"He agreed to answer any questions about his conduct or that of anyone else," defense attorney Nicholas A. Romano of the law firm Connors LLP said then. "Whatever law enforcement asks him to do, he will be an open book. He is cooperating because he has nothing to hide."

Romano added then that the Max case is separate from anything involving Pigeon.

"He has no relationship with Steve Pigeon," Romano said. "This is a separate and distinct case and has nothing to do with Steven Pigeon."

Just last month, Schneiderman also obtained felony election law indictments against former Republican State Sen. George D. Maziarz and his successor, Sen. Robert G. Ortt of North Tonawanda. Maziarz also has long ties to Pigeon dating to their mutual involvement in the 2009 State Senate coup that resulted in a short-lived change in leadership.

Ortt, Maziarz indicted on felony election law violations

The WNY Progressive Caucus raised about $267,000 for candidates challenging those endorsed by Democratic headquarters in the 2013 primary elections. Schneiderman, the FBI and State Police began probing complaints lodged by Erie County Legislator Betty Jean Grant and former Erie County Assistant District Attorney Mark A. Sacha early the next year.

Their complaints to the Erie County Board of Elections were submitted on a bipartisan basis to the State Board of Elections, which referred them to the attorney general.

Pigeon was among those whose homes were searched on May 28, 2015, by law enforcement officials as a result of the probe. The raids also descended upon the residences of former Buffalo Deputy Mayor Steven M. Casey and Christopher M. Grant, a former aide to Rep. Chris Collins, R-Clarence.

The state and federal investigation of Pigeon includes questions about "elevated" payments for advertising, mailings and other political activities, a law enforcement official said at the time.

Questions are also expected to be raised about Pigeon’s own substantial contributions to the caucus. Campaign finance records show he gave about $100,000 of his own money to the fund, while contributing $54,000 to Cuomo in 2011 and 2013. But The News also reported in 2016 that Pigeon owed the federal government about $330,000 in back taxes and that he had negotiated a payback plan with the Internal Revenue Service.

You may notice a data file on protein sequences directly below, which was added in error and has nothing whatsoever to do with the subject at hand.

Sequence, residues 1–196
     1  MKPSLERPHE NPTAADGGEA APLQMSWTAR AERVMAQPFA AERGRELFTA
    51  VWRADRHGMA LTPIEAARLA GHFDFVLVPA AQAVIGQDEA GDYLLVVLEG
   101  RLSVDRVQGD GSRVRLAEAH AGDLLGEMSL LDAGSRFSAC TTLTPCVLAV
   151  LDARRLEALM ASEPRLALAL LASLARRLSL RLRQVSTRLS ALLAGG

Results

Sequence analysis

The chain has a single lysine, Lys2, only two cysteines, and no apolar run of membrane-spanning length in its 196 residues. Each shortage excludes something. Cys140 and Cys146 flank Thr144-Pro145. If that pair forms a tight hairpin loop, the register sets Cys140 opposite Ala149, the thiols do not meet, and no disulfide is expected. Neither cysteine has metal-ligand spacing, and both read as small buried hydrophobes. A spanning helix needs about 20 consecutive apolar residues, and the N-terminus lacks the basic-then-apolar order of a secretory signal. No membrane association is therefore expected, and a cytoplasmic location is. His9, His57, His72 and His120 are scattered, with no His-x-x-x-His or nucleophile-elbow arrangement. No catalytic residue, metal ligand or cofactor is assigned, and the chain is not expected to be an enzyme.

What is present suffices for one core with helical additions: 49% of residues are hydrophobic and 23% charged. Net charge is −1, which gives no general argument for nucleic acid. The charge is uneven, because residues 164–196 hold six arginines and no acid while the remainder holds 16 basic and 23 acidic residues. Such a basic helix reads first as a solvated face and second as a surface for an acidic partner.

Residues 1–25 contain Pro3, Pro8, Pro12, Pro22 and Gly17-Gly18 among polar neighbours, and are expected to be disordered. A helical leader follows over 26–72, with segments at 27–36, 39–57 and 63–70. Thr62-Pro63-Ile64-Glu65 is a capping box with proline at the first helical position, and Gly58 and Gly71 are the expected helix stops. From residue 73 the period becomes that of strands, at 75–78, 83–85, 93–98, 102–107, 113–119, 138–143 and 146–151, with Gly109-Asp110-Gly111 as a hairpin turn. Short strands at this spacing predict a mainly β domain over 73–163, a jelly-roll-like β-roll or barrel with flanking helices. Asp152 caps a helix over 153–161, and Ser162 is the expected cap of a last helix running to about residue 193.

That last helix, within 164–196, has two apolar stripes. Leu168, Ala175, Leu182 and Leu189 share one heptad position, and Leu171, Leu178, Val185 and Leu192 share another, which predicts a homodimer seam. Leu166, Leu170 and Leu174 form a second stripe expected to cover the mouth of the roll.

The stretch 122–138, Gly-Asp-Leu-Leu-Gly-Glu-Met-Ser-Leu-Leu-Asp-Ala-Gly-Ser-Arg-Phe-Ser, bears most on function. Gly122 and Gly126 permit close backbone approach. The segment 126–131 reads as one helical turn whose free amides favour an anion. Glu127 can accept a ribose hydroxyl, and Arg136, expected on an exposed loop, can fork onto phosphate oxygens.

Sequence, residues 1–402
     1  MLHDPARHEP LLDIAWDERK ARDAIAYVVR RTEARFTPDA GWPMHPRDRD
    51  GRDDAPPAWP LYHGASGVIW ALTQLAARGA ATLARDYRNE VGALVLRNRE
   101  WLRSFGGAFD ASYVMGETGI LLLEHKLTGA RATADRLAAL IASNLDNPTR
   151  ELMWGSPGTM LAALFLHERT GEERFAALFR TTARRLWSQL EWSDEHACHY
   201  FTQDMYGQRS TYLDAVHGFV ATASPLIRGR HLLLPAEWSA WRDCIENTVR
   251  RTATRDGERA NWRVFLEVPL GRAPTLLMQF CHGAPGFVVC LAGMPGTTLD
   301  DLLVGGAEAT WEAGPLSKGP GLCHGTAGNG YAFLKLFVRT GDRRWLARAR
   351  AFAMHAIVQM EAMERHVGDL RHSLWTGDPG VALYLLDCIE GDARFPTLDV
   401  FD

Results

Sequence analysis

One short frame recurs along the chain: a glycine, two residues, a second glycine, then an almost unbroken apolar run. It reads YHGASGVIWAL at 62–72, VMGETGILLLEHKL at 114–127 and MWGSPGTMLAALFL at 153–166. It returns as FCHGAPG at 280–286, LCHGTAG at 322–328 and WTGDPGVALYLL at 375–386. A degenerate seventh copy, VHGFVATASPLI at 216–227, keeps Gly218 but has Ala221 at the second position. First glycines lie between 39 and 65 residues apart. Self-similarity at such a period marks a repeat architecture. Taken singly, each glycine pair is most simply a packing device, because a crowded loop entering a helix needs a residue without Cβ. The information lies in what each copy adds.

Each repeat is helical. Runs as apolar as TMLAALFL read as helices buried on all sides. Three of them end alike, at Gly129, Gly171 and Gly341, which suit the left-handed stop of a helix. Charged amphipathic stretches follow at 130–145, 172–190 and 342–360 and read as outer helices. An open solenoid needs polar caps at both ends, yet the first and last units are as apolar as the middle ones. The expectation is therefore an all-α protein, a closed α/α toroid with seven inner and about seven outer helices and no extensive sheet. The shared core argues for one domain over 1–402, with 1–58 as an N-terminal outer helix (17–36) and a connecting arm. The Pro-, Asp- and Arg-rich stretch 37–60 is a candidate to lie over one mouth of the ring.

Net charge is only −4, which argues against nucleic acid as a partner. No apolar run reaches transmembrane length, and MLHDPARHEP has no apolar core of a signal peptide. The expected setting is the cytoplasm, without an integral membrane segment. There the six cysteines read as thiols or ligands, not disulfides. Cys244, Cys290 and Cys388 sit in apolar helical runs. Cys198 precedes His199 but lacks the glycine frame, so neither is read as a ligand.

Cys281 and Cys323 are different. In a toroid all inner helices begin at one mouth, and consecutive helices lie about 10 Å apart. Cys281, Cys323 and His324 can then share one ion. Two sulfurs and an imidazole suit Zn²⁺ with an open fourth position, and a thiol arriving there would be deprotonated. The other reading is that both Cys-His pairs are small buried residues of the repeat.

Despite her close association with the caucus as treasurer, Mazurek’s home was not raided by the state and federal agents empowered by search warrants in 2015. But The News shortly afterward reported she was cooperating with authorities.

Then in 2016, Mazurek unsuccessfully ran in the 2016 Democratic Assembly primary, in which her Pigeon associations emerged as a major issue.

Pfaff, a longtime Pigeon operative, has also surfaced in the probe. He acknowledged mistakes in keeping WNY Progressive Caucus records, especially in reporting that Pigeon received $25,000 from the committee for consulting services. Though Pfaff acknowledged listing the $25,000 as an expenditure, he called it a mistake.

He and Pigeon said the money was never received, with Pigeon blaming "sloppy" record-keeping for the entry in the campaign reports.

When Schneiderman hosted a Buffalo press conference last June following the Pigeon indictment, he was joined by Adam S. Cohen, special agent-in-charge of the Buffalo FBI. Cohen emphasized that the federal aspect of the Pigeon probe remained very much alive.

"It’s possible there could be future charges at the federal level," Cohen said then. "This is only one prong of an active investigation by the FBI."